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AACR Presents Results of Using AI-Backed Image Duplication Detection to Curb Academic Fraud

The use of intelligent image comparison tools to detect bad data may be a growing trend in academia

Holden Galusha

Holden Galusha is the associate editor for Lab Manager. He was a freelance contributing writer for Lab Manager before being invited to join the team full-time. Previously, he was the...

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On Thursday, September 8 at the ninth annual International Congress on Peer Review and Scientific Publication, Daniel Evanko, PhD, director of journal operations and systems at the American Association for Cancer Research (AACR) presented on the AACR’s use of artificial intelligence (AI) to detect duplicated images in manuscripts.

As Nature reported in December 2021, the AACR implemented a system to combat image duplication and doctoring in submitted manuscripts. Though oftentimes an honest mistake, image manipulation is a common tactic among those hoping to publish fraudulent studies; by cropping, rotating, or otherwise adjusting images and then reusing them elsewhere, researchers can give the appearance of having gathered more data in support of their findings than in actuality. 

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Finding duplicated images can be extremely difficult, however. Consequently, image-proofing software like Proofig, which is the AACR’s software of choice, has been developed to augment detection efforts.

In their trial run of Proofig, lasting from January 2021 to May 2022, the AACR processed more than 1,000 manuscripts, of which 208 authors were contacted after the software flagged their submissions and a human confirmed the findings. Of the 208 papers, four were withdrawn and one was rejected.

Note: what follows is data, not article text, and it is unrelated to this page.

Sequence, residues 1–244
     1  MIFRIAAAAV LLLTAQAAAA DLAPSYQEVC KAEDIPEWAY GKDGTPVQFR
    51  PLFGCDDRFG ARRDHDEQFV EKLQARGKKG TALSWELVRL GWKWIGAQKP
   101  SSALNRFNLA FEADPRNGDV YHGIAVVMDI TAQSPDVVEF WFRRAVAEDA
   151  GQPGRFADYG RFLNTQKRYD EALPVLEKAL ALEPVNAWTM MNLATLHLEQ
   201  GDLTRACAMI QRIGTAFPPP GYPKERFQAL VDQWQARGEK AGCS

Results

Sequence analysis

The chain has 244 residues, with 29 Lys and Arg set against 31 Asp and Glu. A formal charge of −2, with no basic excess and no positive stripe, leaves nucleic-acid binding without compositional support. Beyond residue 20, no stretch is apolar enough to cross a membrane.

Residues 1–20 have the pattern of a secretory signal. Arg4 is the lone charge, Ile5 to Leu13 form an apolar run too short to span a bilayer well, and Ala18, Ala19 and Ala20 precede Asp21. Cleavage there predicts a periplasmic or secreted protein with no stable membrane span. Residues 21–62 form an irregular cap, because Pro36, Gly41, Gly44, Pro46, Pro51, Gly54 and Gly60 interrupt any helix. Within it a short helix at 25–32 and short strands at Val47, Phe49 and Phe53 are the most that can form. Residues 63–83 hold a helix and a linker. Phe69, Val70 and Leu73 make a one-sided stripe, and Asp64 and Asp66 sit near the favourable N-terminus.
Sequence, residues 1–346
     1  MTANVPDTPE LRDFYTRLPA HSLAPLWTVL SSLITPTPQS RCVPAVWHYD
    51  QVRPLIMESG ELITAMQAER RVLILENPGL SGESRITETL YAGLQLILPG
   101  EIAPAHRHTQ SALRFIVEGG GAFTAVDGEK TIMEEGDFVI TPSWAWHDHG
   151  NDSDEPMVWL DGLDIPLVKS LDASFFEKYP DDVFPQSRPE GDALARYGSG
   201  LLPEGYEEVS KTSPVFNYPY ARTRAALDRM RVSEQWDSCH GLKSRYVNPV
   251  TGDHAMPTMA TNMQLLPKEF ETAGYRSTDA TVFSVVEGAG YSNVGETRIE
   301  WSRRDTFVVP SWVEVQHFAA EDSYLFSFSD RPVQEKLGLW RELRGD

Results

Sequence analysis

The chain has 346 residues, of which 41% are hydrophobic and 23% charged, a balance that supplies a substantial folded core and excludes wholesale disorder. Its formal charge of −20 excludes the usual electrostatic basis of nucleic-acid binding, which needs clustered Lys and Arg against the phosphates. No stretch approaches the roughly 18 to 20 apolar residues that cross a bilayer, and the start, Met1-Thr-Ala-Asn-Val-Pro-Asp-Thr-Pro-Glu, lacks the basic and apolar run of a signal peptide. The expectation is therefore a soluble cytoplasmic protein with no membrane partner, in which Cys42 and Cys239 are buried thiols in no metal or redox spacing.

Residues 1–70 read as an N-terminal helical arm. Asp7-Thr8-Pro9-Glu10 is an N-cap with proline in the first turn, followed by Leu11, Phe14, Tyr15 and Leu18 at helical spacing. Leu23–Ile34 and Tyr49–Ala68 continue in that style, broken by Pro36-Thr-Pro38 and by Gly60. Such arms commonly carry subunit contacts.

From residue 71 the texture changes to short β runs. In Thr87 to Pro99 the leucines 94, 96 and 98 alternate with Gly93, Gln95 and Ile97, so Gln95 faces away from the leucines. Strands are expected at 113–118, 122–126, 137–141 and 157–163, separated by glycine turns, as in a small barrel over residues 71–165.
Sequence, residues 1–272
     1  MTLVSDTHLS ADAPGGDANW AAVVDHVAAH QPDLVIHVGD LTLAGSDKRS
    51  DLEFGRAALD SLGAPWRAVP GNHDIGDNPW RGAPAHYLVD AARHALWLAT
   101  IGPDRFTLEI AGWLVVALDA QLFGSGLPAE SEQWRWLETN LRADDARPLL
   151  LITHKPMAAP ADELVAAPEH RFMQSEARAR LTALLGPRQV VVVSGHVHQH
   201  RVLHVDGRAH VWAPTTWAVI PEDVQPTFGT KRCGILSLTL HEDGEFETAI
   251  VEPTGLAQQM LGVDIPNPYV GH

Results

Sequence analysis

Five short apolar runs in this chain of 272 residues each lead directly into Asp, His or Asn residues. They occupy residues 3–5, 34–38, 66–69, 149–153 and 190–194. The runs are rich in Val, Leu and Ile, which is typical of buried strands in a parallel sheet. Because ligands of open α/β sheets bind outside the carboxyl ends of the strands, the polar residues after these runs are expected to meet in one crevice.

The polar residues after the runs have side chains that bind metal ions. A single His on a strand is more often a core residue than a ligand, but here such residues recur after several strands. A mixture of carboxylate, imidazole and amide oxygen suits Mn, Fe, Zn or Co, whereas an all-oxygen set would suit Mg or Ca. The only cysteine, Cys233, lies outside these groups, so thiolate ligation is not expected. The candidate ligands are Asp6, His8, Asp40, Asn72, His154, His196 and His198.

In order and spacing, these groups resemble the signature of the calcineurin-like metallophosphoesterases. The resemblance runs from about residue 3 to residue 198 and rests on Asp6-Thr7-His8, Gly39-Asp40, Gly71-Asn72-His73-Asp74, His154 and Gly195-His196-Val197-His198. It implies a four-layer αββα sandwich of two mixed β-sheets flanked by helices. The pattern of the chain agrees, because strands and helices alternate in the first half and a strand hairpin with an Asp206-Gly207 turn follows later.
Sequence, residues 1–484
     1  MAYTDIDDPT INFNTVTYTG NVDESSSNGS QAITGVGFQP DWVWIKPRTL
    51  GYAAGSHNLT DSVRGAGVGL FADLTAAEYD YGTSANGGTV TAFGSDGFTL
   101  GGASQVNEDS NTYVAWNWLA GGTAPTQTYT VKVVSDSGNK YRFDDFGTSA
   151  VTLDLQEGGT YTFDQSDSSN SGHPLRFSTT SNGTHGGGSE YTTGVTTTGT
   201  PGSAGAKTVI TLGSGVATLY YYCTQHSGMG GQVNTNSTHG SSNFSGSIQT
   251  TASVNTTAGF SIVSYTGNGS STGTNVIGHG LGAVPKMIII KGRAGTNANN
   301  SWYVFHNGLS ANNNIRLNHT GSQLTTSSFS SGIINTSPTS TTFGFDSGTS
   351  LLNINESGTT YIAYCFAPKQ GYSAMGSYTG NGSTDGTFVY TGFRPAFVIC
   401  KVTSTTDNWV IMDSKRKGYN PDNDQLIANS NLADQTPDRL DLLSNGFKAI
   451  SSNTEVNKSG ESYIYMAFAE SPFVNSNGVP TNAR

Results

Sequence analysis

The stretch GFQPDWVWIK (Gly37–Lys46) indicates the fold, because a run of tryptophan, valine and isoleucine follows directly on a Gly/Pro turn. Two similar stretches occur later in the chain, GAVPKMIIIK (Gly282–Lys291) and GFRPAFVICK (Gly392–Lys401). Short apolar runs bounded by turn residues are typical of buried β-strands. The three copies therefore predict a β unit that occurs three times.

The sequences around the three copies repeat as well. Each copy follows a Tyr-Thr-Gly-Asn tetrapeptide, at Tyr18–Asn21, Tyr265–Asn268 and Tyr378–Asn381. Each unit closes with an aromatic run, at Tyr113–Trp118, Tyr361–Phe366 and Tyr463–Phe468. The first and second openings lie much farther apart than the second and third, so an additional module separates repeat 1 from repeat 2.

While AI solutions like Proofig are already extremely sophisticated, there is still room for improvement. For instance, no such program can scan for plagiarized images stolen from other articles; they only compare images within the same study. Furthermore, certain research techniques such as Western blotting produce results with very subtle differences; these small variations are visible to the human eye but are easily missed by AI. As such, significant human intervention is still required to avoid false positives and maintain a good ROI on the software. Ideally, as the algorithms comprising the software become more sophisticated, less human intervention will be required—though such intervention will always be needed to some extent.

Evanko’s presentation of the AACR’s image proofing endeavor may forecast a broader shift across the scientific publishing industry to further incorporate AI into their workflows and combat academic fraud more effectively.